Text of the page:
I was never much of a pitcher. In fact, I only took the hill three times, all in my last year of little league, once when I somehow struck out the side in the last inning of a blowout against a team of asthmatic 8-year-olds, once when I walked seven guys in a row, and then finally once when my straight slowballs got so repeatedly hammered that I actually began to cry.
Needless to say, I never got straight which kind of grips were good for throwing different kinds of pitches. That said, I don’t think Bruce Sutter is showing off the grip for his famous forkball here. I may be wrong, but I’ve always had it that the forkball called for the forefinger and middle finger to be spread wide on the ball.
If I’m right about Bruce Sutter neglecting to reveal his forkball grip here, it’s fitting, for at the time I got this 1979 card, Bruce Sutter’s forkball was to me about the most mysterious and awe-inspiring weapon in all of baseball. It’s just as well I didn’t ever see the grip that produced this devastating pitch. Better to preserve the mystery.
I’d actually only seen the pitch in action once, in the previous year’s all-star game. Once was enough. Back then the all-star game was just about the only time a kid living in rural Vermont would get a chance to see many of the National League stars. I had never seen Sutter before, had not even heard of him, and then suddenly here he was. According to Retrosheet’s play-by-play of the game he came into a 3-3 tie in the 8th inning and got George Brett to ground out. I don’t remember that at-bat, but I distinctly remember the next two, in which he made two of my beloved Red Sox, Jim Rice and Dwight Evans, look like two drunken sailors trying to whack a divebombing sparrow with a barstool. Sutter’s utter domination seemed to inspire the N.L. batsmen, who erupted for 4 runs in the bottom of the inning, and Sutter was fittingly credited as the game’s winning pitcher.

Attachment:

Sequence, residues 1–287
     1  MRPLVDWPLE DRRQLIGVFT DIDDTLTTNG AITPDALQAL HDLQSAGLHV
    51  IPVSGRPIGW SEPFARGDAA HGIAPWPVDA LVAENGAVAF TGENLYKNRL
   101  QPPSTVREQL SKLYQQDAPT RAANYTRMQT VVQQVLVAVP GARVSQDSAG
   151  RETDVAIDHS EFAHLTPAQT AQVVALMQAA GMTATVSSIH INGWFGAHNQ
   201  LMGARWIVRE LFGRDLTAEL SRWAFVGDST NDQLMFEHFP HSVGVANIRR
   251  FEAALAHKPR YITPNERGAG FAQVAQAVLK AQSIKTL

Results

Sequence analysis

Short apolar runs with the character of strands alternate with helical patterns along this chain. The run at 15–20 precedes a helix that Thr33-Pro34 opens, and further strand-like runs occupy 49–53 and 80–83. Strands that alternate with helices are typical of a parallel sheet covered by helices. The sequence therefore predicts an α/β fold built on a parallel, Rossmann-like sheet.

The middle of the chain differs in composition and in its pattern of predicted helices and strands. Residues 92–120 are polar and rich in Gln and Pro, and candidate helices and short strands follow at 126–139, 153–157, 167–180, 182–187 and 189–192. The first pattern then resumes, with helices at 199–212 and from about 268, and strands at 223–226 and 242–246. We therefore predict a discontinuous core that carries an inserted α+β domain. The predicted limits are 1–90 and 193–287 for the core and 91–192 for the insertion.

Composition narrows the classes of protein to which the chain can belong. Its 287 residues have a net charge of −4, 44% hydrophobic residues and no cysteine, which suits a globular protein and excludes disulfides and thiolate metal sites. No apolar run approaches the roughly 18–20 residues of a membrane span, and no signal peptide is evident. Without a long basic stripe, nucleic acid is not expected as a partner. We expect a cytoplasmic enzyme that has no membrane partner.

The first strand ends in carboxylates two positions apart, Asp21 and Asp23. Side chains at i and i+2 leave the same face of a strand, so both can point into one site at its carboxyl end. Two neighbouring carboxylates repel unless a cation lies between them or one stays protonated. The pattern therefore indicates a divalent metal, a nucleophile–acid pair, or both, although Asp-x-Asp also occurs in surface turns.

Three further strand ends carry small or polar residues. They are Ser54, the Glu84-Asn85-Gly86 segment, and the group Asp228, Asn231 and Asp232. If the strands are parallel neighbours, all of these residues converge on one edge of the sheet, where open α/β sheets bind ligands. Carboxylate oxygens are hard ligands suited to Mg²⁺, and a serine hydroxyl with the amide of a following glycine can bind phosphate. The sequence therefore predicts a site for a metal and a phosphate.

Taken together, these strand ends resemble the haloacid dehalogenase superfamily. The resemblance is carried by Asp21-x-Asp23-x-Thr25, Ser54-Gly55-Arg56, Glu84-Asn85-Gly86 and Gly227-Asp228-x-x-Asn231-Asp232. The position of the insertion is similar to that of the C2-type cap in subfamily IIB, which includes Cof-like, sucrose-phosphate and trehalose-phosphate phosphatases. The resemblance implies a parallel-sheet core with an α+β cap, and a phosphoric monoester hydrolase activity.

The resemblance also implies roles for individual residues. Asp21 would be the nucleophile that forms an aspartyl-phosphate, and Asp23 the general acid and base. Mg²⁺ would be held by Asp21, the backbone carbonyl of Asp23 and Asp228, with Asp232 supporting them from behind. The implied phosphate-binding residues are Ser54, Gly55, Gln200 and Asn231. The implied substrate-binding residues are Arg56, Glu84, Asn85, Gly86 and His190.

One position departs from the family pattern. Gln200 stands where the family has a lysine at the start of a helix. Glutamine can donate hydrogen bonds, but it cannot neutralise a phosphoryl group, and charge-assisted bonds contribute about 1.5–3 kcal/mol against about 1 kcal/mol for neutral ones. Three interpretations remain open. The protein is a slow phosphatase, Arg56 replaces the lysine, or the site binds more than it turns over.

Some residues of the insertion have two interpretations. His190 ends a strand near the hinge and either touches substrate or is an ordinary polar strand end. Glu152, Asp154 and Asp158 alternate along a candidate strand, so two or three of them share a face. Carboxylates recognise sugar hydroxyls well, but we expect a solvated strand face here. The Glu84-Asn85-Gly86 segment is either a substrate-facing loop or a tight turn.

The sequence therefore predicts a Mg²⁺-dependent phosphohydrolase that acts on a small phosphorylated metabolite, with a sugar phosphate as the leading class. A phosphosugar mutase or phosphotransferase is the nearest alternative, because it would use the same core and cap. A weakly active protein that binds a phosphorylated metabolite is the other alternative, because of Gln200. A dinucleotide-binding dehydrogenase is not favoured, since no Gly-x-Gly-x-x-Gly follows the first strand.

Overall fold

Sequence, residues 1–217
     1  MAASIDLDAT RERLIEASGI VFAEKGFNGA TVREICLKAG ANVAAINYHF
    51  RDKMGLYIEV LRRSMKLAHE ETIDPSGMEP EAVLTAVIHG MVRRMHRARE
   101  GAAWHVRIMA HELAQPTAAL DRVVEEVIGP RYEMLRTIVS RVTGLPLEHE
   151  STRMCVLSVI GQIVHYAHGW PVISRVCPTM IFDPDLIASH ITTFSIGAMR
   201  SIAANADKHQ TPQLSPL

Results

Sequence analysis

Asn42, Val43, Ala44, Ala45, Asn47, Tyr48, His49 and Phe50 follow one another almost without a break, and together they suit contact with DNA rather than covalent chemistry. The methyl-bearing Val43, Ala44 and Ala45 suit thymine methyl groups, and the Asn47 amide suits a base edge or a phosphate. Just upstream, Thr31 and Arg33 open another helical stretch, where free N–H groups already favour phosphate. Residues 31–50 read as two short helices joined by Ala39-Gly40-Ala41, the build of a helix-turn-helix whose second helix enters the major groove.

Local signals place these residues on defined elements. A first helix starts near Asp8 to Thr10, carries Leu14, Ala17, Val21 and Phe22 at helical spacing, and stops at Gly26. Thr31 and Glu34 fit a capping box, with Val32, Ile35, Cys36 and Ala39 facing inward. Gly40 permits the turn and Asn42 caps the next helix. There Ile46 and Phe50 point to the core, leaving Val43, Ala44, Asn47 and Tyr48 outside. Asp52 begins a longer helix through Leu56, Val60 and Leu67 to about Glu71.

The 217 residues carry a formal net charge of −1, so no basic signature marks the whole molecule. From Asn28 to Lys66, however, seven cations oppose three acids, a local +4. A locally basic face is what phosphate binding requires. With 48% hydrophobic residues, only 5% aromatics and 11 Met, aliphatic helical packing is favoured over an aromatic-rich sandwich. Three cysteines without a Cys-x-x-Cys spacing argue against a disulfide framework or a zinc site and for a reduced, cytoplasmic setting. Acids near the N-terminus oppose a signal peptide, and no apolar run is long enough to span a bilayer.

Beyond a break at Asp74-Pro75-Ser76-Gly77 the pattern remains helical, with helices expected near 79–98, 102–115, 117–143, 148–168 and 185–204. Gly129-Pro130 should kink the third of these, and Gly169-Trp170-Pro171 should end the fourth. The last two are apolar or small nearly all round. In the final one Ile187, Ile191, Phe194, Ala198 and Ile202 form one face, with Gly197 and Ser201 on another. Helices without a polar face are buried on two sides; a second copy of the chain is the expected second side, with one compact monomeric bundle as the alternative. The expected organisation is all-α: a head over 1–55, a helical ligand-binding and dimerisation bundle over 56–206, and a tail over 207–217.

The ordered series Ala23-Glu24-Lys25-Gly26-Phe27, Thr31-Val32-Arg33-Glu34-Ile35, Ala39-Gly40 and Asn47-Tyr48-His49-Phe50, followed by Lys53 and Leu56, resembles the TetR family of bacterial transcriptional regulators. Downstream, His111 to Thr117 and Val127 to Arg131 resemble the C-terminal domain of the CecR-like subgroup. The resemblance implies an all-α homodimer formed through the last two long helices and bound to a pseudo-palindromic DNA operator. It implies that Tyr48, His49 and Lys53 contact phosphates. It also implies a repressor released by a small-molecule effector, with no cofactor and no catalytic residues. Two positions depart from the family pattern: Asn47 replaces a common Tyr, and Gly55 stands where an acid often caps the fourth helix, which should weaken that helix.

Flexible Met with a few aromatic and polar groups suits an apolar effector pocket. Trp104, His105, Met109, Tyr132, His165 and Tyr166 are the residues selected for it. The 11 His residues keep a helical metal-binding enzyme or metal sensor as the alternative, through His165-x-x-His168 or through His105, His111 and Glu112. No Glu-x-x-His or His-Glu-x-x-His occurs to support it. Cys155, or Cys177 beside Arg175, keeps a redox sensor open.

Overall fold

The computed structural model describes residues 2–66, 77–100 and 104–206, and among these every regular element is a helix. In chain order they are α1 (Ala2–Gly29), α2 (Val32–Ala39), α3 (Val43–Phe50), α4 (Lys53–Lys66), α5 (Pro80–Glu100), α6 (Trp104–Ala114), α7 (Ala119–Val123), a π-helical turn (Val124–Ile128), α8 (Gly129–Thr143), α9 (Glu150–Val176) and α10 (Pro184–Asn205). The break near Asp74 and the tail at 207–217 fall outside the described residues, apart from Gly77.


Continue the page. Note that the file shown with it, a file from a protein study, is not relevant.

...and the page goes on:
Anyway, the Nagging Question this week grows out of thoughts of that awe-inspiring forkball, and also out of the still-lingering discussion of beloved Shlabotniks in the previous edition of The Nagging Question. Yesterday a friend of one player, Adrian Garrett, brought up earlier in the conversation posted some information that reminded me that even the guys I am all too often apt to casually refer to as journeymen or drifters or even “nobodies” were all tremendously gifted athletes worthy of praise.*
So for today’s edition of The Nagging Question I wanted to momentarily try to set aside my usual predilection for using my old baseball cards as springboards to dive into the polluted canals of personal failure and disappointment.
Instead, I’d like to focus on the jaw-dropping moment. For me it was when Bruce Sutter unleashed a pitch that made guys I’d seen mangle the offerings of other pitchers seem like absolute beginners. I wonder if others can remember having a similar experience as a fan. A spectacular catch, maybe, or a barrage of unhittable fastballs, or a sizzling home run leaving the yard in the time it takes to blink. A moment that not only turned the opposition into seeming beginners but made everyone watching feel like a beginner, too, as if something was happening for the first time, the moment brand new, a gleaming manifestation of the words of the Zen teacher Shunryu Suzuki, who said, “In the beginner’s mind there are many possibilities.” In other words:
Who wowed you?
*(note: Bucky Dent is not worthy of praise; in fact, he should either be shunned or put in Pilgrimy shackles at the center of the village and pelted with vegetables, I can’t decide which.)